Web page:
Molesworth & Featherston - 18 November 2003
Molesworth & Featherston
Business And Political News
18 November 2003
This week in the complimentary edition…
Will the world cup debacle wreck the economy? The Herald’s union trouble; Labouring over a gnat; The week ahead; Energy; Trains; Interest rates and credit cards; even something on Prince Charles…and an all Pseuds Corner column.
The wreckage of the All Blacks’ World Cup campaign is unlikely to affect the economy or the poll ratings of the government.
A number of economists have rashly put their own reputations on the line and forecast economic chaos. Within hours of the defeat, Arthur Lim of Macquarie Equities was on the front page of the Sunday Star Times announcing the defeat ‘was likely to dent the economy.’
You would think that economists would check the hard data. After all, we have ample evidence now about what happens when the All Blacks lose the world cup.
Molesworth & Featherston sent out a specially equipped team of palaeontologists who were able to find dusty old tablets containing economic data from the last time the All Black won the World Cup. We then compared those figures with seasonally adjusted GDP in constant prices (Stats NZ figures).
It turns out that the worst thing we could do for the economy would be to win the rugby world cup.
In the quarter following the All Blacks’ June 1987 win GDP expanded by 0.28 per cent, the smallest per centage increase in GDP following any world cup. The Lange Labour government was re-elected. Then the stock market collapsed. Which was the greatest catastrophe is a matter of conjecture on which we offer no view.
Four years later, GDP in the three months coinciding with New Zealand’s semi-final loss to Australia increased 0.75 per cent. In the following quarter it expanded 0.35 per cent.
In 1995 the All Blacks progressed to the final and GDP expanded by 0.96 per cent. The National Party in government rose to its highest poll ratings of the nineties (over 50 per cent), and in Opposition Labour sank to just 16 per cent.
The economy raced ahead after the 1999 All Black loss, expanding 1.4 per cent. The Shipley-government crashed out of office, but appeared to strengthen in opinion polls in November from a very weak position following All Blacks’ defeat on 31 October.
So it appears Reuben Thorne’s pre-game comment -- ‘it’s sad but true, the economy suffers’ -- indicates he is not only a great in-field strategist and leader of men, he is an economist of equal quality. The data shows World Cup rugby has no effect on political party support and defeat is good for the economy.
Pedants note: There will be a minor effect in those bars where fans will not flock to view the final. The same could be said of Wellington’s failure to win the Ranfurly Shield.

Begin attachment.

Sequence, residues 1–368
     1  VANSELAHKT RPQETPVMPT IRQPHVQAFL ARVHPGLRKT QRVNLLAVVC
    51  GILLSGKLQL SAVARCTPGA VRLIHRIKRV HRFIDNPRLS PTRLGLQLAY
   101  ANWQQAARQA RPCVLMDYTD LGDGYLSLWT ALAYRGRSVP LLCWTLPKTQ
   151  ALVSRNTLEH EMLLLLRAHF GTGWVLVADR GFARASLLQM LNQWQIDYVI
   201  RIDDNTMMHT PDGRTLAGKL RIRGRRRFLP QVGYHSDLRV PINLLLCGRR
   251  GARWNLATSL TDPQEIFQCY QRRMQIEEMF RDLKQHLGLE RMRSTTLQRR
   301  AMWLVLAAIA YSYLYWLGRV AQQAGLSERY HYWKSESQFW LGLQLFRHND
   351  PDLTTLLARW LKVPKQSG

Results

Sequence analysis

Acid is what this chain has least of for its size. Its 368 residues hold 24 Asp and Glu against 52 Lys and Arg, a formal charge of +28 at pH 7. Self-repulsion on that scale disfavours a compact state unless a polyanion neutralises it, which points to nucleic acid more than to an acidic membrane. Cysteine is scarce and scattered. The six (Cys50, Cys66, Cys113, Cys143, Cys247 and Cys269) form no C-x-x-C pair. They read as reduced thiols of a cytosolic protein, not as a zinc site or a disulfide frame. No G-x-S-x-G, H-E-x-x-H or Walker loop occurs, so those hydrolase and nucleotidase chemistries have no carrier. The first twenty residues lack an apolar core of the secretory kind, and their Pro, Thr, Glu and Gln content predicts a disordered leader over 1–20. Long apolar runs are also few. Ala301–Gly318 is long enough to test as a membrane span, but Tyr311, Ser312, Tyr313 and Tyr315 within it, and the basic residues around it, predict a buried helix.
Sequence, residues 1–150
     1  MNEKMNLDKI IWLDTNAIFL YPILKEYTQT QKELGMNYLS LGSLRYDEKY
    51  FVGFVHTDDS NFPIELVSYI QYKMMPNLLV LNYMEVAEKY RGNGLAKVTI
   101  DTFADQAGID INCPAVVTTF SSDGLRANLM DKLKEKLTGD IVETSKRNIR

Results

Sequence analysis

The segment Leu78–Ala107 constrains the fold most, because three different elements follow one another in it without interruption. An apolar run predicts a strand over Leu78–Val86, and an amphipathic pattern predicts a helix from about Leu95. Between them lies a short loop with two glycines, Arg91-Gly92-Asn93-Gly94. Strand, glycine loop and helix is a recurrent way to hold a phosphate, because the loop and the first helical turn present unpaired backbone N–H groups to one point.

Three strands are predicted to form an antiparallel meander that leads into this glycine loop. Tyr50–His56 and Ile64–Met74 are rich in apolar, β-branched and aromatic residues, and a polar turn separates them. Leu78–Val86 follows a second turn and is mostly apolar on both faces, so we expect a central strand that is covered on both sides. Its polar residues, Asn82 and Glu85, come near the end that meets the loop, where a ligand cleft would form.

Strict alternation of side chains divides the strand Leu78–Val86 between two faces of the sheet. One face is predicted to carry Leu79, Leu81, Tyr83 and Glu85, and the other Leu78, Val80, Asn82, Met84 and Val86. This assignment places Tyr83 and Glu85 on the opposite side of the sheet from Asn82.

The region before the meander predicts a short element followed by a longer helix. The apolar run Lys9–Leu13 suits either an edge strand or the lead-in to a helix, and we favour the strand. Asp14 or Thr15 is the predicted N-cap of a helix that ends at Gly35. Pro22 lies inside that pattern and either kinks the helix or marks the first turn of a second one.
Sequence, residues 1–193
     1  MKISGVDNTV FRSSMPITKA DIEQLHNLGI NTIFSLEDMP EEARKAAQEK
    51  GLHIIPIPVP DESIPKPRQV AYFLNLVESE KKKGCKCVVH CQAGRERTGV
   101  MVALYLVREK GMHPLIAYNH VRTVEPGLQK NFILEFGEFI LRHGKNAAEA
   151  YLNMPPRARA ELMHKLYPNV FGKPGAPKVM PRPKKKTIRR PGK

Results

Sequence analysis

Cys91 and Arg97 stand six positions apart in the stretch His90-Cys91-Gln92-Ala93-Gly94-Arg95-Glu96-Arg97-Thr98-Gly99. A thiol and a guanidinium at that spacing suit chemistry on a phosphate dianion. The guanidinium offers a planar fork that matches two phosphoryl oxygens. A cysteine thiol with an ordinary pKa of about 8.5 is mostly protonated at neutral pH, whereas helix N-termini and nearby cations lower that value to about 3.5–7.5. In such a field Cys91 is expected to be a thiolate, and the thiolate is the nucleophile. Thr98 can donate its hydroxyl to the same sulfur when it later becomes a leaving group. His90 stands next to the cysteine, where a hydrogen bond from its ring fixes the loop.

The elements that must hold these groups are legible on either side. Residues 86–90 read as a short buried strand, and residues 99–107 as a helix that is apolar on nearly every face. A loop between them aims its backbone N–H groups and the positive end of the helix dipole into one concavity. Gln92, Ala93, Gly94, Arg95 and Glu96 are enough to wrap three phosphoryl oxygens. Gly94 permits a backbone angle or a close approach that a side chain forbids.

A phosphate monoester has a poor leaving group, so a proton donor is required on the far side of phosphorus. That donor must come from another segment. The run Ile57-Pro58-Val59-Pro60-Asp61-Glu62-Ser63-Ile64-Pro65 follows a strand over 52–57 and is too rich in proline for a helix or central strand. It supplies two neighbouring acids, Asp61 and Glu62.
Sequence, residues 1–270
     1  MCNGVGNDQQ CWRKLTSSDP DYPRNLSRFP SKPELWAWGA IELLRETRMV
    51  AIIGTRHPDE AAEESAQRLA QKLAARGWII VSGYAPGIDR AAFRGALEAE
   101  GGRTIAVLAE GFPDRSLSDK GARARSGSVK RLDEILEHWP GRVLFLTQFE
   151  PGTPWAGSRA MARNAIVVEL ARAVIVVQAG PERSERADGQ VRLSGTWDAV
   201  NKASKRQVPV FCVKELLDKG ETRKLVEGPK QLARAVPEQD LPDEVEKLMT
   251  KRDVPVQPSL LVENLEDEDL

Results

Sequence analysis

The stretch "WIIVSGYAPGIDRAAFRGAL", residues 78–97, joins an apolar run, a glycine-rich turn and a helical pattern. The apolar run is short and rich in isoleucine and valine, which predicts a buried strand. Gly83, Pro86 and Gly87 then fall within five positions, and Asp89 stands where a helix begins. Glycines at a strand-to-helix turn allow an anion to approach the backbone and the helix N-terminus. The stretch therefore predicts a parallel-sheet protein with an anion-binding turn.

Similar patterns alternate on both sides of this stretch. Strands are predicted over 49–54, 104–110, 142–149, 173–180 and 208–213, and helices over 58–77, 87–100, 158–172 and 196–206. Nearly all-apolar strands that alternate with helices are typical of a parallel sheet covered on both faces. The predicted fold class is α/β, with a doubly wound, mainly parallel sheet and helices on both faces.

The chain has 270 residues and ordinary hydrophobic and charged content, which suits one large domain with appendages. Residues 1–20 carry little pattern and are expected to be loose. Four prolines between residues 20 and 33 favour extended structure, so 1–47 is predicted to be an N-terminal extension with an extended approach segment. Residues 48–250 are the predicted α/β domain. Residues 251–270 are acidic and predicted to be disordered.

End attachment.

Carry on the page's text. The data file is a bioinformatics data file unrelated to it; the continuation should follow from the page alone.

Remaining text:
Poor old Granny
Those looking for Labour Minister Margaret Wilson’s long awaited amendments to the Employment Relations Act should prepare themselves for the first week in December.
Meanwhile unions, and anyone who gets pleasure from the New Zealand Herald’s pain, have been chuckling over the EPMU’s victory over O’Granny in the employment court.
Seems their pressure on two senior journalists to leave the collective in order to get a bigger salary breached the law and New Zealand’s international obligations on freedom of association to boot. It could also have wider ramifications if, as appears at first reading, it means that anyone in a union should be in an applicable collective agreement (not an individual deal) since, as the full bench of the court found, there is nothing to stop employers giving conditions different from, but better than, the collective minima.
“Leaving the collective means leaving the union” seems to be the ruling.
That could cause some heartache for those old socialists in the Herald and elsewhere who thought they could have their union cake and ditch the obligation to go on strike if the union collective voted to go out. Smirk.
Nicked in the bud
Well what can you say about the National party coup?
Labour is chortling about six deputy leaders in six years (McKinnon, Creech, English, Sowry, Smith and Brownlee) and four leaders (Bolger, Shipley, English and Brash) against just one leader and one deputy for themselves. Of course if you go back 16 years it is a different picture (Lange, Palmer, Moore and Clark ...) and the real lesson to be learned is how changing leaders is inevitable and does little good.
It is not an auspicious start for Don Brash.
His public assault on the leadership broke with convention and his failure to provide a deputy and frontbench ticket, allied with his failure to give the caucus time to lobby and select a deputy, saw the rushed decision to select Nick Smith over two unacceptable candidates. At the time he made a virtue of this. He had made no promises so was beholden to no-one. He could reward on merit and the caucus could choose a deputy it wanted (the unpopular Roger Sowry had been forced on them and protected by English’s patronage.)